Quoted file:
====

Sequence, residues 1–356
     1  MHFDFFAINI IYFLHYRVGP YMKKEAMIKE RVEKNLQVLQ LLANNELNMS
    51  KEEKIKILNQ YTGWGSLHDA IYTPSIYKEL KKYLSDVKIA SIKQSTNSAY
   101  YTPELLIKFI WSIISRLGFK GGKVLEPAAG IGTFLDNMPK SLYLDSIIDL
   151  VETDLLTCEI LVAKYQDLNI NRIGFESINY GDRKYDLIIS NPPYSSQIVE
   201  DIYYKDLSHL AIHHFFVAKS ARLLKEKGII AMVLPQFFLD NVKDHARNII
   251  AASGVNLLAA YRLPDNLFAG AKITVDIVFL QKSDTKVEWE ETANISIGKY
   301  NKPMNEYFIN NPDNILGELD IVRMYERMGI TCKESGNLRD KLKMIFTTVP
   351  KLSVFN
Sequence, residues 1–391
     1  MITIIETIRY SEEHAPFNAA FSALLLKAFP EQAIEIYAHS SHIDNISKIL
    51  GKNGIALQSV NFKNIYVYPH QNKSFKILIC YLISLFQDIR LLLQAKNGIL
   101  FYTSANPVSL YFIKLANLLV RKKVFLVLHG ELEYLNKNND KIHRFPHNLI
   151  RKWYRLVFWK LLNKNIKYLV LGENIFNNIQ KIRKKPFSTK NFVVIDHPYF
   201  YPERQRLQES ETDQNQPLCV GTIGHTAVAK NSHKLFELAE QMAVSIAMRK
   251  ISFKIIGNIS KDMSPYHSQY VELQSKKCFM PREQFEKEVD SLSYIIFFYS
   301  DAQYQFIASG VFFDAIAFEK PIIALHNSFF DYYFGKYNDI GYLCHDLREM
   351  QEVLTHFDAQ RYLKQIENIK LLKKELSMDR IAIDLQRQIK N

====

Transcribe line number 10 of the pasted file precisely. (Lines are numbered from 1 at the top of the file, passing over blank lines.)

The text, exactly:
Sequence, residues 1–391